By JAMES MITCHELL
Sunday Times Newspapers
TRENTON — City officials were optimistic last week with signs of progress at the former Riverside Hospital, reports that were not tempered with the qualifications that had clouded past predictions.
City Administrator Jim Wagner said work crews have begun doing what has been hoped for years.
“For the first time in a long time we’re seeing some progress as it relates to alleviating the problem,” Wagner said, “and seeing the beginning of development and redevelopment of the site.”
In the past, Wagner, Mayor Kyle Stack and other city officials had been cautious if not skeptical of promises made regarding the long-vacant site. The former Riverside Osteopathic Hospital on Jefferson has sat unused for years, its grounds targeted by vandalism and luring curiosity seekers drawn by rumors of ghosts.
The complex has been frequently cited in police reports after attracting drifters and others, and the eyesore has been a point of contention with the city.
This past spring, Stack and Wagner presented what may be the final ultimatum to property owner Dr. Iqbal Nasir, who purchased the property from Henry Ford Health Systems in 2009 and had plans for a nursing home. Instead, unable to get deed modifications from HFHS, Nasir began a similar project in another community and Riverside sat untouched until recently.
Following a March Brownfield Redevelopment Authority meeting, Stack gave Nasir until May 15 to begin abatement work — much of it to address environmental concerns — or the matter would leave city hall and head for court. The priority issues to be addressed include demolition in August of a church house and boiler room, both of which have fallen into disrepair as has the main building, which remains scheduled for August according to city officials.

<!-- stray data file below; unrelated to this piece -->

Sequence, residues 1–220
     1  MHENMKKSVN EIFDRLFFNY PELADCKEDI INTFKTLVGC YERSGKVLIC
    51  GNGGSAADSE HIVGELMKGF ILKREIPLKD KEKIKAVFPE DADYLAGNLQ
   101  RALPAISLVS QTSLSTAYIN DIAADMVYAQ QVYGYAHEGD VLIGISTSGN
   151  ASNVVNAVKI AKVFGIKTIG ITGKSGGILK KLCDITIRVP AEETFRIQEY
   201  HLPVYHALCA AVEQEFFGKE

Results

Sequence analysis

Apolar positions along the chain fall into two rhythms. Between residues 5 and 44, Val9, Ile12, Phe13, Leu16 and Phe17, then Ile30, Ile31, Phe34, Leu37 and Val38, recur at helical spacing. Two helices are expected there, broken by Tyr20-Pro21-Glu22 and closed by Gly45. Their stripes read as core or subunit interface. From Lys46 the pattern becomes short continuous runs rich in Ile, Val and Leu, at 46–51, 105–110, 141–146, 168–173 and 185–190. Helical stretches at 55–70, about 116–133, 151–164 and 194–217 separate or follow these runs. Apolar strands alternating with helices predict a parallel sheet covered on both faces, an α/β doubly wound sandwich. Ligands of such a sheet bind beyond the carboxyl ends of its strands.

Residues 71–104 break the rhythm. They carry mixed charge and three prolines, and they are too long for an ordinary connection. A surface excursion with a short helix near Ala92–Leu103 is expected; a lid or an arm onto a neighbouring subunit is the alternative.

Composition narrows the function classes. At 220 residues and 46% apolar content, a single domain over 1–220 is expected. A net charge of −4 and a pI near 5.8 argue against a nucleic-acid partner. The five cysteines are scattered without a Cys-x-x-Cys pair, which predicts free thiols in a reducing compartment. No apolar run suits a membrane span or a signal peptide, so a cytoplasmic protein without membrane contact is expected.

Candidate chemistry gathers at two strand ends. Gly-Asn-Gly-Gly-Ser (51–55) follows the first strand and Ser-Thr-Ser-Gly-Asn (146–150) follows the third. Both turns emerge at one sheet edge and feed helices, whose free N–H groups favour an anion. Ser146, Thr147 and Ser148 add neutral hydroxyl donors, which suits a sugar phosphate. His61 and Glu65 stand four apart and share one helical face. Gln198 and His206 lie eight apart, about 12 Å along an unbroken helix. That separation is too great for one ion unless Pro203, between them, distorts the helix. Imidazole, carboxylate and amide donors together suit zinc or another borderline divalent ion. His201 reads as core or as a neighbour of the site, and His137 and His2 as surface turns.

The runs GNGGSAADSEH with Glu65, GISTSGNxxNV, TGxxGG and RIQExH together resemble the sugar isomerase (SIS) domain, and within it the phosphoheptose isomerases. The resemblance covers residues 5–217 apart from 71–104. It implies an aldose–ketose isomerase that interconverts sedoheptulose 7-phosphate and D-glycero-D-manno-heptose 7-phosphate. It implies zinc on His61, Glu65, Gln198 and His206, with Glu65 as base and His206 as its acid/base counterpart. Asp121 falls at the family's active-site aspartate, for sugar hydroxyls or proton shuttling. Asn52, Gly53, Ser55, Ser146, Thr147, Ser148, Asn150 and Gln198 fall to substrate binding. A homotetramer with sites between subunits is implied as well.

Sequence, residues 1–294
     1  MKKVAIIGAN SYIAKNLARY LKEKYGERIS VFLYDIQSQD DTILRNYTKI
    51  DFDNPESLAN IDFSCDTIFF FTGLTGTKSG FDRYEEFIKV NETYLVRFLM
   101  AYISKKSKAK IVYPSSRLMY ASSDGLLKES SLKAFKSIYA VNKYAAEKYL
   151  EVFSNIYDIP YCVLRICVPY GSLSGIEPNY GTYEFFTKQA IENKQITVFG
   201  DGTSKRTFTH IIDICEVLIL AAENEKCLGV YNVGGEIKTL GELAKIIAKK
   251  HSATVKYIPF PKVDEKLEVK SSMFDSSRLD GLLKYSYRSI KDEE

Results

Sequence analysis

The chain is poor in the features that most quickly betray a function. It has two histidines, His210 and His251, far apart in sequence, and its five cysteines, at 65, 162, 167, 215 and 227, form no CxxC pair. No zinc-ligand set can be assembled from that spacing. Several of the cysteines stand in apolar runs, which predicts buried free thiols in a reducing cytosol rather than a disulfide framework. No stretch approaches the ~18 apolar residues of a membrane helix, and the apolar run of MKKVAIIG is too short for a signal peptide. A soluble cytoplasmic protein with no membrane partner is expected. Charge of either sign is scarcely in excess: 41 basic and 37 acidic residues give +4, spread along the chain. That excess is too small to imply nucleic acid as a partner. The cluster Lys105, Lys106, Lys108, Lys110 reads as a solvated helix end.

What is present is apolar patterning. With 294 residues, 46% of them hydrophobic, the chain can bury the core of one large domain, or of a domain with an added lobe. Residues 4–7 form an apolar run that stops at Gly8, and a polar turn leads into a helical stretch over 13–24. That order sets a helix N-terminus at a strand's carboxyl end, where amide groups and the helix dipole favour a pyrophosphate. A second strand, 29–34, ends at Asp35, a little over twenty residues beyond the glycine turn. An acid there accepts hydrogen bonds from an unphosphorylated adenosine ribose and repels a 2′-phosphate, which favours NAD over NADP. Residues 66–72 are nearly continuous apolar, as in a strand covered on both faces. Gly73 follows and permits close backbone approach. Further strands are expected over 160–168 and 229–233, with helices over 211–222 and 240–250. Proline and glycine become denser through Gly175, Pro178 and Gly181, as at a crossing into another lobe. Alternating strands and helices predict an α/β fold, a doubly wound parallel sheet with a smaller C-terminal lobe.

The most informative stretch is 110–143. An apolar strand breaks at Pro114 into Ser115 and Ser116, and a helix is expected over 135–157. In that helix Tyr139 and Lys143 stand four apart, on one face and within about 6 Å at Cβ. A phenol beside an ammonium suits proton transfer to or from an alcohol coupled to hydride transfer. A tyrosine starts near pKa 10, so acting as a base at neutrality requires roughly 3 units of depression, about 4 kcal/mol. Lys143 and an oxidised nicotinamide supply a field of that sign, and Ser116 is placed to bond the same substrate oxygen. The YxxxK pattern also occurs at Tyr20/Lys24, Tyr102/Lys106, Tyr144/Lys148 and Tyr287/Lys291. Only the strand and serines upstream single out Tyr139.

Wagner said that last week crews removed a gas line from the property, were taking out asbestos and other contaminants, and the next steps should fall into place.
“Hopefully in the immediate-near future, in the next 30 days they should begin demolishing the power house and church building,” Wagner said. “The equipment is there, now they just have to get a permit for the demolition.”
While the signs of progress are finally visible, Wagner said it remains a long journey to complete. Nasir may not be able to obtain enough deed adjustments to realize his original plans, but Wagner said that there was reason for optimism as the early efforts have begun a process that should avoid having to declare the building dangerous and engage in a lengthy court battle. Once the site is cleared, Wagner said it shouldn’t be difficult to find interest in developing the property if Nasir’s original plan fails to be brought to completion.
“He’s making progress,” Wagner said. “Some of the things that needed to get done are getting done right now. When somebody wants to move forward (as Nasir has), it’s a plus.”
(James Mitchell can be reached at [email protected])